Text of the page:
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I am using something similar to the following simplified script to parse snippets of python from a larger file:

import io
import tokenize

src = 'foo="bar"'
src = bytes(src.encode())
src = io.BytesIO(src)

src = list(tokenize.tokenize(src.readline))

for tok in src:
  print(tok)

src = tokenize.untokenize(src)

Although the code is not the same in python2.x, it uses the same idiom and works just fine. However, running the above snippet using python3.0, I get this output:

(57, 'utf-8', (0, 0), (0, 0), '')
(1, 'foo', (1, 0), (1, 3), 'foo="bar"')
(53, '=', (1, 3), (1, 4), 'foo="bar"')
(3, '"bar"', (1, 4), (1, 9), 'foo="bar"')
(0, '', (2, 0), (2, 0), '')

Traceback (most recent call last):
  File "q.py", line 13, in <module>
    src = tokenize.untokenize(src)
  File "/usr/local/lib/python3.0/tokenize.py", line 236, in untokenize
    out = ut.untokenize(iterable)
  File "/usr/local/lib/python3.0/tokenize.py", line 165, in untokenize
    self.add_whitespace(start)
  File "/usr/local/lib/python3.0/tokenize.py", line 151, in add_whitespace
    assert row <= self.prev_row
AssertionError

I have searched for references to this error and its causes, but have been unable to find any. What am I doing wrong and how can I correct it?

[edit]

After partisann's observation that appending a newline to the source causes the error to go away, I started messing with the list I was untokenizing. It seems that the EOF token causes an error if not immediately preceded by a newline so removing it gets rid of the error. The following script runs without error:

import io
import tokenize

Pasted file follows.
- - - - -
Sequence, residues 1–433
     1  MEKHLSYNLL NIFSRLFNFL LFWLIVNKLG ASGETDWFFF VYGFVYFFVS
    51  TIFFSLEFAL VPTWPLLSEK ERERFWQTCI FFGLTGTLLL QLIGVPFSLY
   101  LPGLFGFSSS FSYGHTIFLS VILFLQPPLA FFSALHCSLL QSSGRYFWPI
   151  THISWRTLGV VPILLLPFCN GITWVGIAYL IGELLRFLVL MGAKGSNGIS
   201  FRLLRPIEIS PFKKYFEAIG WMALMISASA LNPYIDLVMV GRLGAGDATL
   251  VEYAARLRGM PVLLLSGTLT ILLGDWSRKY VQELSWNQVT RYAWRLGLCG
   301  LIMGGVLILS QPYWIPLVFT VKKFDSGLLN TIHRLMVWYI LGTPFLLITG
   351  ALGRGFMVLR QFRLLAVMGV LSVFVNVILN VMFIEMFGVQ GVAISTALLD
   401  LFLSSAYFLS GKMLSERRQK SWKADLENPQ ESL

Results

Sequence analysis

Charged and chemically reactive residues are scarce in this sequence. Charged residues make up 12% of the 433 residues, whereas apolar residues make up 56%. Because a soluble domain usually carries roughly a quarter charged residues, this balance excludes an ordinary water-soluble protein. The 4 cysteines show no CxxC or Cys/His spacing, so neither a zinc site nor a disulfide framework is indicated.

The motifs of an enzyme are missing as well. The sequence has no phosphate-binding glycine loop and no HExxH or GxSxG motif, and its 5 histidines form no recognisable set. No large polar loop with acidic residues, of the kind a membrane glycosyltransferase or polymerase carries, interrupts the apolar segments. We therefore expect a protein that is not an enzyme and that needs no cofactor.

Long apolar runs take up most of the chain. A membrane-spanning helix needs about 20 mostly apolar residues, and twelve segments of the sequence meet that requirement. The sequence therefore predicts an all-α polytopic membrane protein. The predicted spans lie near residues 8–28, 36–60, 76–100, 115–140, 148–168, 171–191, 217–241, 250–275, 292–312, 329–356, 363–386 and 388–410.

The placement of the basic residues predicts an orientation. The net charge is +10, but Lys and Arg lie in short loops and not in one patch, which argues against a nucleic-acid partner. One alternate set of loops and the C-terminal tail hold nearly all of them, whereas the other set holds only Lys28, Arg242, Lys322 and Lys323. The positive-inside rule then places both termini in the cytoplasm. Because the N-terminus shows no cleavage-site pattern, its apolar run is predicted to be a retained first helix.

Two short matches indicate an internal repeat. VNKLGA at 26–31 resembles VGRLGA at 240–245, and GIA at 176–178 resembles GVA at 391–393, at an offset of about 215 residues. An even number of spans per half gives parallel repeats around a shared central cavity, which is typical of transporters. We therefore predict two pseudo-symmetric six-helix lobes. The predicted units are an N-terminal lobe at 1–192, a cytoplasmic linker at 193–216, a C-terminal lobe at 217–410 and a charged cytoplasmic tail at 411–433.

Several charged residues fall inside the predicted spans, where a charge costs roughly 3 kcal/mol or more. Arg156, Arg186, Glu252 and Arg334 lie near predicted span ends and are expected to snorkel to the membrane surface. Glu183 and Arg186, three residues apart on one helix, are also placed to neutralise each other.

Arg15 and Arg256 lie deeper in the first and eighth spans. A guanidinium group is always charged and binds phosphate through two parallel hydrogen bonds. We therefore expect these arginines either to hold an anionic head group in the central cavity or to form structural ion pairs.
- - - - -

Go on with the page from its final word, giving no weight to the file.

src = 'foo="bar"'
src = bytes(src.encode())
src = io.BytesIO(src)

src = list(tokenize.tokenize(src.readline))

for tok in src:
  print(tok)

src = tokenize.untokenize(src[:-1])
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2 Answers 2

up vote 2 down vote accepted

src = 'foo="bar"\n'
You forgot newline.

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Nice! Do you know why this is? It seems as though it should work either way, at least it does in python2.x. –  brad Jun 1 '09 at 12:52
    
I don't see why that would matter? –  Skurmedel Jun 1 '09 at 12:53
    
Seems like you should file a bug against Python. The newline does seem unnecessary. –  Ned Batchelder Jun 1 '09 at 12:57
1  
It does seem like a bug. Tbh, I just guessed it since it's quite common error with C compilers. –  Ivan Baldin Jun 1 '09 at 13:12

If you limit the input to untokenize to the first 2 items of the tokens, it seems to work.

import io
import tokenize

src = 'foo="bar"'
src = bytes(src.encode())
src = io.BytesIO(src)

src = list(tokenize.tokenize(src.readline))

for tok in src:
  print(tok)

src = [t[:2] for t in src]
src = tokenize.untokenize(src)
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